[0014] FIG. 4 is a cross-sectional view of the device taken substantially along line 4-4 of FIG. 2;

[0015] FIG. 5 is a fragmentary cross-sectional view of another embodiment of the device;

[0016] FIG. 6 is a pictorial view of yet another embodiment of the invention;

[0017] FIG. 7 is a sectional view thereof taken substantially along line 7-7 of FIG. 6;

[0018] FIG. 8 is a top plan view thereof; and;

[0019] FIG. 9 is a bottom plan view thereof with magnets removed for clarity.


[0020] Referring to the various figures of the drawing, and first to FIGS. 1-4, therein is shown at 10 a magnetic fishing fly hook organizer according to a first embodiment of the present invention. The device 10 includes a longitudinal series of integral slots 12 transversely positioned over an elongated bar magnet 14. Fishing fly hooks 16 may be inserted into the slots 12 perpendicular to the length of the magnet 14 which secures the bottom edge of the hook 16 to the bottom of the slot 12 on the exposed surface of the magnet 14. The "bottom edge" of the hook 16, as used herein, is the outer radius of the point and associated portion of the bend of the hook 16. The hook 16 is prevented from tipping laterally, which would result in damaging the dressing portion 22 of the fly, by the sidewalls 18 of each slot 12. The sidewalls 18 are formed by the opposed faces of raised partitions 24 between each slot 12. The magnet 14 pulls the hook 16 into place and the hook 16 is easily displaced simply by lifting it out of the slot 12 by its shank. No rotation of the hook 16 or untangling of the barb is required for insertion or removal.

[0021] By providing a multitude of slots 12 along the length of the device 10, a wide variety of hook sizes and fly configurations can be accommodated and securely held in place without damage. If desired, the shanks of the hooks 16 can be alternated in direction along the length of the device 10. Mounting flanges 26, 28 may be provided along the length of the device 10 which both stabilize the device 10 and larger hooks 16 which may protrude beyond the ends of the partitions 24.

[0022] The construction of the present device 10 provides for economical manufacturing in several respects. First, a single bar magnet 14 can be used along the entire length of the device 10, rather than using separate magnets for each fly. Also, because the length of the magnet is perpendicular to the orientation of the fly hook 16 and a flat surface of the magnet is presented, a greater number of hooks can be stored in a smaller space without causing damage to the dressing 22 of each fly.

[0023] The device 10 can be formed by cutting from a single piece of wood or, preferably, molded from a single piece of plastic. When combined with a single bar magnet 14, the unit 10 provides a device that can be configured in either long or short lengths. The device 10 may be integrally formed in or mounted within a lidded box 20 or may be mounted with a clip or pin (not shown) for wearing on a vest or other outer clothing. The bar magnet 14 is held captive by either adhesive (not shown) or by attachment of the device body into the floor or lid of a box 20.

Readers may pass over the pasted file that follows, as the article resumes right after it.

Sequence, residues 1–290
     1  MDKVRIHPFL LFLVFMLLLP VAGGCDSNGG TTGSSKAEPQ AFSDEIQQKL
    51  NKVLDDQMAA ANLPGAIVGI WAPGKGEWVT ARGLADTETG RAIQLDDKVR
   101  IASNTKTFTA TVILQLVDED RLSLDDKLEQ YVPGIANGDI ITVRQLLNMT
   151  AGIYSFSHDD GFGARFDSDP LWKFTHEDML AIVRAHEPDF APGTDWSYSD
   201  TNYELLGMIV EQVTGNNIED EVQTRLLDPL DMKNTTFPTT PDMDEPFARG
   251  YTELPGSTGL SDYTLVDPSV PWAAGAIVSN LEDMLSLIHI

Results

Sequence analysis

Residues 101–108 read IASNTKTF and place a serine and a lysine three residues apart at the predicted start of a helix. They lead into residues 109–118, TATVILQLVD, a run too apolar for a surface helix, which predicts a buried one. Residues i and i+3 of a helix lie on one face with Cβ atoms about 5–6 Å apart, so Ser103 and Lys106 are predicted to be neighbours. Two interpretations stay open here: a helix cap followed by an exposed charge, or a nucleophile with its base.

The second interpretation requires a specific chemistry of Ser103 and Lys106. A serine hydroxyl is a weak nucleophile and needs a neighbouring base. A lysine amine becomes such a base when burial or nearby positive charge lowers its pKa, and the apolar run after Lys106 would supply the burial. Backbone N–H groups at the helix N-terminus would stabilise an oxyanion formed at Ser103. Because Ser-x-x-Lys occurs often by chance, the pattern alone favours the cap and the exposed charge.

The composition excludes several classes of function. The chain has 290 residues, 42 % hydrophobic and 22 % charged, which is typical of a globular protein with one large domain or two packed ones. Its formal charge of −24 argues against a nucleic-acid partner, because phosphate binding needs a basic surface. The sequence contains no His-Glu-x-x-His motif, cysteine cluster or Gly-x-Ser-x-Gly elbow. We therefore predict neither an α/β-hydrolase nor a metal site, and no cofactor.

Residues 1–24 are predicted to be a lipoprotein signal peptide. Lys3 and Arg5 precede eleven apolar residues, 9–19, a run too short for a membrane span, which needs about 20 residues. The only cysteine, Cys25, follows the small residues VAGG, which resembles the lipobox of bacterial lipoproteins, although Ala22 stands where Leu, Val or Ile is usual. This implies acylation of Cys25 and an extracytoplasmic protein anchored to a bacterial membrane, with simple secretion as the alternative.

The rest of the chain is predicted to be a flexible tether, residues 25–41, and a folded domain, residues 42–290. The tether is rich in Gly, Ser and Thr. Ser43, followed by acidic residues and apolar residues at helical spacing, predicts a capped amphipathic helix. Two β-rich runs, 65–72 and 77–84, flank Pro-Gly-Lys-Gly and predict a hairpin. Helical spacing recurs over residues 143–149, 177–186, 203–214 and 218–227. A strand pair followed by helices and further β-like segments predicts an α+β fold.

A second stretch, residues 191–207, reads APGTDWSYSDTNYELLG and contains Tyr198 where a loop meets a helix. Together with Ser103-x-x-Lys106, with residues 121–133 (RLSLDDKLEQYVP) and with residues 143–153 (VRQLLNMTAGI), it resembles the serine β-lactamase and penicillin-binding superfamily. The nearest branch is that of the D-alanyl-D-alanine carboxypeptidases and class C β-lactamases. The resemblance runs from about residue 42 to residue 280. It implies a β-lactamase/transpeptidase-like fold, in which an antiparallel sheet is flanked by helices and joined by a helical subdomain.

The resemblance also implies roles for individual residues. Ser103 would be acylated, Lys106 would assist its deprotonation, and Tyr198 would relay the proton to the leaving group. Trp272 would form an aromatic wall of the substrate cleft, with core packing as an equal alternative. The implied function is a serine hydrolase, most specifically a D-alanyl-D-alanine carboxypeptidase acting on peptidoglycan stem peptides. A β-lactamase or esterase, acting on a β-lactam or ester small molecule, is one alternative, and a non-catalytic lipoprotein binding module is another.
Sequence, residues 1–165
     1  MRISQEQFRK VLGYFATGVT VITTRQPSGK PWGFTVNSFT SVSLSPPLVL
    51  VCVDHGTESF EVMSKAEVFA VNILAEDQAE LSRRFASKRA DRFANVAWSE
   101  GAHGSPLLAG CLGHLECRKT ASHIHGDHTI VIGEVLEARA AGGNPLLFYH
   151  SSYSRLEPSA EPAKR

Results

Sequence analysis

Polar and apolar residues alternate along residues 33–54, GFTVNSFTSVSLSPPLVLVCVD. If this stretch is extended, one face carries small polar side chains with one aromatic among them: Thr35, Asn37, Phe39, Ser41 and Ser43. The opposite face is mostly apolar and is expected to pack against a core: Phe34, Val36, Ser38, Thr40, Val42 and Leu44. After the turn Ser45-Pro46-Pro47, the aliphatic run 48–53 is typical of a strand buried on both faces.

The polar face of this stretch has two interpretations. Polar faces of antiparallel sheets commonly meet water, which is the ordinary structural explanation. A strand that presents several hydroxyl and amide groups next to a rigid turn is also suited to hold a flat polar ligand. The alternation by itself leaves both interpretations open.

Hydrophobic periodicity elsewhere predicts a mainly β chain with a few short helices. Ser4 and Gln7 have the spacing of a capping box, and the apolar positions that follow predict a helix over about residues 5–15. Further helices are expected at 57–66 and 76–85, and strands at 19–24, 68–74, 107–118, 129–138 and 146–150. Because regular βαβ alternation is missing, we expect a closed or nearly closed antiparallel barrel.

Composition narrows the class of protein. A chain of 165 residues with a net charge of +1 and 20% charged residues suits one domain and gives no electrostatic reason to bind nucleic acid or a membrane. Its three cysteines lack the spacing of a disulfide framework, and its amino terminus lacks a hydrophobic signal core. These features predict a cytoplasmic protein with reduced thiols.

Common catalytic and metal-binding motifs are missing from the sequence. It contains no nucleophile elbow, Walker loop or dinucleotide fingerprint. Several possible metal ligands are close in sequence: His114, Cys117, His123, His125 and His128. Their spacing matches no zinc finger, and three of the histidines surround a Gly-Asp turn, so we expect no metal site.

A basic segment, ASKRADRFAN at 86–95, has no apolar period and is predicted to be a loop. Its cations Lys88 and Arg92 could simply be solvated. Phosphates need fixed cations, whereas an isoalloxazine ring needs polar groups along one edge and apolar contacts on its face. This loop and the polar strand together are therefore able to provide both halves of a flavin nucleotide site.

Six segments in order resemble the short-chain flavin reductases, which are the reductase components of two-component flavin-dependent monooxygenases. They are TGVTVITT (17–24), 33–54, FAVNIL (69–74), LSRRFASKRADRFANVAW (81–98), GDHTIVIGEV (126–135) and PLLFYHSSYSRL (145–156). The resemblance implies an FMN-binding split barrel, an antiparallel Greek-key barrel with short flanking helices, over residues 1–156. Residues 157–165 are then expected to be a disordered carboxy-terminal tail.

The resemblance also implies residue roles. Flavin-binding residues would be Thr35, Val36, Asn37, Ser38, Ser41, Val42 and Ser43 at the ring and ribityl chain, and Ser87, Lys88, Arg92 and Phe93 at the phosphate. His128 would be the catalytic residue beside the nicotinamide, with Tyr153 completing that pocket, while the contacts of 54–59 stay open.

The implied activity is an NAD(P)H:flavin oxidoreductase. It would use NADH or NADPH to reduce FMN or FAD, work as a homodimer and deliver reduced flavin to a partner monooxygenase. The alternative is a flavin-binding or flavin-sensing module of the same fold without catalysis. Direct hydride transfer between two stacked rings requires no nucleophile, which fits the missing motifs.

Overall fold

[0024] In one form, the lateral ends of each slot 12 are open. Alternatively, as shown in FIG. 5, the device may be formed, such as in a bottom 30 of a box 20, such that the slots 12 have closed ends. In either embodiment, however, there is no covering that extends over the point or barb of the hook 16 to complicate insertion or interfere with its ready removal. If desired, the slots 12 may be formed in varying widths to accommodate both large and small hook sizes.

[0025] Referring now to FIGS. 6-9, therein is shown at 32 an alternate embodiment in which the base 34 includes two perpendicular series of substantially parallel slots 36, 38 formed in its upper surface 40. More than two series of substantially parallel slots could be used, if deemed desirable. In this embodiment, a plurality of separate magnets 42 are inserted in to openings 44 formed in the bottom surface 46 of the base 34. The magnets 42 can be round, for example, or any other shape deemed acceptable. Alternatively, elongated magnets (not shown in this embodiment) could be placed un bottom surface 46 grooves, such as diagonally, to intersect multiple slots 36, 38 or multiple series of slots.

[0026] The magnet-receiving bottom openings 44 can be sized to present a surface 48 of the magnet 42 that is substantially level with the bottom surface 50 of the slot 36, 38. The base may be sized to have any number of slots in a series, depending upon intended use, and a large sheet of base 34 material may be molded or otherwise formed and then cut to any desirable length and width.

[0027] Many other variation in my invention may be made without departing from the spirit thereof. Accordingly, the scope of my invention is defined only by the following claim or claims.

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US 20060162234 A1